2. Adapt messaging to reflect seasonality

Similar to targeting different audience segments, how you communicate the value of the shoulder season should differ from your peak season.

This might mean a shift from overarching brand messaging to niche offerings and how they benefit a specific audience. Or focusing on how your destination is less crowded and how that positively impacts the visitor experience.

It could also mean highlighting lower prices of accommodations and travel, communicating how guests’ budgets go further during the shoulder season. Specifically, it’s cheaper to visit during the shoulder season, so visitors can see more, do more, and taste more during their stay—just be careful you don’t devalue your core offerings in the process.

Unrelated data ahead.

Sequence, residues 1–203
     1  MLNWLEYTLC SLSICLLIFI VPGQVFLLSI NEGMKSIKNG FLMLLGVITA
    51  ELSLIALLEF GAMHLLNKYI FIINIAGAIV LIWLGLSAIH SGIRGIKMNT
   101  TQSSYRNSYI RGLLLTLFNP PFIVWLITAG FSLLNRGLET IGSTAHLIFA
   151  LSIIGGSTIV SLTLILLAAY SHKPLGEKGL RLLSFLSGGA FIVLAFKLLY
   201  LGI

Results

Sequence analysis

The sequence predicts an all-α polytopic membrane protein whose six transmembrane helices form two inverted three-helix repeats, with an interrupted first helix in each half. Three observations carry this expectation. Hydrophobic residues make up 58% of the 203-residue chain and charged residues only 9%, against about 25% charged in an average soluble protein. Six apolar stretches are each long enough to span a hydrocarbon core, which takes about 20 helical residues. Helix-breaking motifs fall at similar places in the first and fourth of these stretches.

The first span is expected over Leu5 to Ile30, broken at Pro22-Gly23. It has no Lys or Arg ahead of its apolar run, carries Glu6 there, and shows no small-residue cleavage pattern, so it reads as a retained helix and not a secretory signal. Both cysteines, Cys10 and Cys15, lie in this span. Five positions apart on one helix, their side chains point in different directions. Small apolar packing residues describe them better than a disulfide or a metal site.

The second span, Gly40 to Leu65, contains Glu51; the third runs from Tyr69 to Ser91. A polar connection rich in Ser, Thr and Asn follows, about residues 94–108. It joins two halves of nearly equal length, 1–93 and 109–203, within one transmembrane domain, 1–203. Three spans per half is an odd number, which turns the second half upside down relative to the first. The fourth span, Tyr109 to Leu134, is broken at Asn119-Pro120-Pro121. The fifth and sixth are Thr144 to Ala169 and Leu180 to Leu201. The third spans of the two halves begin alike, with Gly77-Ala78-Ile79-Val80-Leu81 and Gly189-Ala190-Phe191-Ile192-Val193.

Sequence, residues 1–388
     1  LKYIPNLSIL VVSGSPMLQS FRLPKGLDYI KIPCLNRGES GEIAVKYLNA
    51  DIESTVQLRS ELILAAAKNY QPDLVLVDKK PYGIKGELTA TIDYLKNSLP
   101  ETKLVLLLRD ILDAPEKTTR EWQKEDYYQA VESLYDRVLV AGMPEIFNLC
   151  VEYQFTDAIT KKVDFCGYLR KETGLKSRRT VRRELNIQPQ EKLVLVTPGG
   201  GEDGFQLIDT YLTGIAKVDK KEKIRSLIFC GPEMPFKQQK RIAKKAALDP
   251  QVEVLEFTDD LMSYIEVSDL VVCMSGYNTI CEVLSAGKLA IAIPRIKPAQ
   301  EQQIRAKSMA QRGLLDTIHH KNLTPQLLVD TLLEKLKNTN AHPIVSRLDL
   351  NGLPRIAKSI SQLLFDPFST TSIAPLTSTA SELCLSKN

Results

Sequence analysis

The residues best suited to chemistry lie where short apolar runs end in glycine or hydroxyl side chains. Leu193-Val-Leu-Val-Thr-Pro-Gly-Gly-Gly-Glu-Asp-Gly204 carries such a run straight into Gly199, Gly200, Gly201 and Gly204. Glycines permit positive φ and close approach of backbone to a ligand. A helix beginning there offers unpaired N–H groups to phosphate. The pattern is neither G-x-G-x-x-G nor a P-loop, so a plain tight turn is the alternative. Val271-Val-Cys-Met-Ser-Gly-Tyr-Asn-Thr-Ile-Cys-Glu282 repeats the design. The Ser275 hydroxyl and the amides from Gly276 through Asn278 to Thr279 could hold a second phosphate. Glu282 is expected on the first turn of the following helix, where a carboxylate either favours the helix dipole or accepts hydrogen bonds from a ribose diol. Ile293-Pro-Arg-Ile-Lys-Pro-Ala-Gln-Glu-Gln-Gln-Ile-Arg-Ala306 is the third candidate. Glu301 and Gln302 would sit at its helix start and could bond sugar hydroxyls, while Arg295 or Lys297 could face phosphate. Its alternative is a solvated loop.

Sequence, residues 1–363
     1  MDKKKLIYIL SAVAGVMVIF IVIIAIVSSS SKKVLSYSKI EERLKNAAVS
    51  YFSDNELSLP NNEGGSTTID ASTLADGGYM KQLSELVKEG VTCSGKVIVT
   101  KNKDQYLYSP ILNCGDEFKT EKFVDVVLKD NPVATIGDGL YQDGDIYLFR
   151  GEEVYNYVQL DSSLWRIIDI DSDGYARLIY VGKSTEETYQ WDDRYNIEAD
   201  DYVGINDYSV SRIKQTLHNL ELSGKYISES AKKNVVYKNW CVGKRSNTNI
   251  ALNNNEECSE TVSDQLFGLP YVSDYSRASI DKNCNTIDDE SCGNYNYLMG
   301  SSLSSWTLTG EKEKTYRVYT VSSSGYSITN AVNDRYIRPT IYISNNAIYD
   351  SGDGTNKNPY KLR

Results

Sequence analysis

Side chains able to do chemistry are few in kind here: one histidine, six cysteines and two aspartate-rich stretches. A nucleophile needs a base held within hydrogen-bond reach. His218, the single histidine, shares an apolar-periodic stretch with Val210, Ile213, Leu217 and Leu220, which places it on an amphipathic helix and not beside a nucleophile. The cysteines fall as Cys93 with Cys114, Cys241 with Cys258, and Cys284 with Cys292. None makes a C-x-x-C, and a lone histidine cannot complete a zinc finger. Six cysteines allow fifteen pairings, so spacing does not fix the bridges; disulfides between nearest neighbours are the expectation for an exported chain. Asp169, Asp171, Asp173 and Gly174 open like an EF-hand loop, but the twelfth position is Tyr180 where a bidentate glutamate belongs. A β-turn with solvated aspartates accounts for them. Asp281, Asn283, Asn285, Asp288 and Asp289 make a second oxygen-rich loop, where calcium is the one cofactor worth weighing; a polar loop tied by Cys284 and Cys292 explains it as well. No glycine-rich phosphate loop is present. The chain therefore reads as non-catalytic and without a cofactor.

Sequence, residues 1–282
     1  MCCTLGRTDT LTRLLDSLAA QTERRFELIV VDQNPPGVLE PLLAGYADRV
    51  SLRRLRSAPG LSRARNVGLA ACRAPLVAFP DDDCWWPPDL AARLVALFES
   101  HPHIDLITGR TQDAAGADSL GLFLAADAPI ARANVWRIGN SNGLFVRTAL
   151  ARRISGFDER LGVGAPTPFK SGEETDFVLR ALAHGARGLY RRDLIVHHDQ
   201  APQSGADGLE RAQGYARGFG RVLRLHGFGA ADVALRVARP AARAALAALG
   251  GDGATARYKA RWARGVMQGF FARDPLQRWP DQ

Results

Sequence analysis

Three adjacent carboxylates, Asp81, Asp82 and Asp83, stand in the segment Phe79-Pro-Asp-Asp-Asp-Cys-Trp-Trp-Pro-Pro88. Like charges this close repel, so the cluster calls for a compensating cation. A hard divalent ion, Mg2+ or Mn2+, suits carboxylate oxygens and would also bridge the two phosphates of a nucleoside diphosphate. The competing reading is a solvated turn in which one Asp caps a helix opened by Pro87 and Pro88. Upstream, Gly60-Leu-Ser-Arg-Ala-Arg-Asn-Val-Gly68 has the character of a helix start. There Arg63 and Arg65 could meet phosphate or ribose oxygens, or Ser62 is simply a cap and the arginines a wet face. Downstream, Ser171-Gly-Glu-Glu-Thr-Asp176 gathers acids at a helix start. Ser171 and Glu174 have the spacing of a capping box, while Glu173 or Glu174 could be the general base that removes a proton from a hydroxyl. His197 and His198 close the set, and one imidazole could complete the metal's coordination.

3. Narrow down geographical targeting

This one may seem counterproductive, as it limits the reach of your marketing and advertising efforts. But with the pandemic’s after effects lingering and concerns over climate change growing, more and more travellers are considering destinations closer to home.

People are more aware of the impact tourism has on a destination, both economically and environmentally. As a result, they are keen to support local and regional businesses, while seeking out places they can get to easily without producing a large carbon footprint. This means visiting destinations they can drive to or are accessible by train.

As it relates to media, consider digital and social media advertising with strict geographical parameters. Or niche publications in nearby cities—like our client, Tourism Kingston, and its focus on culinary magazines specific to Ottawa and Toronto.

Want to learn more about our work with Tourism Kingston, including media and brand strategies? Check out the case study.

4. Develop new products and experiences

Sometimes, the best way to improve shoulder season tourism is to create new offerings specific to the time of year.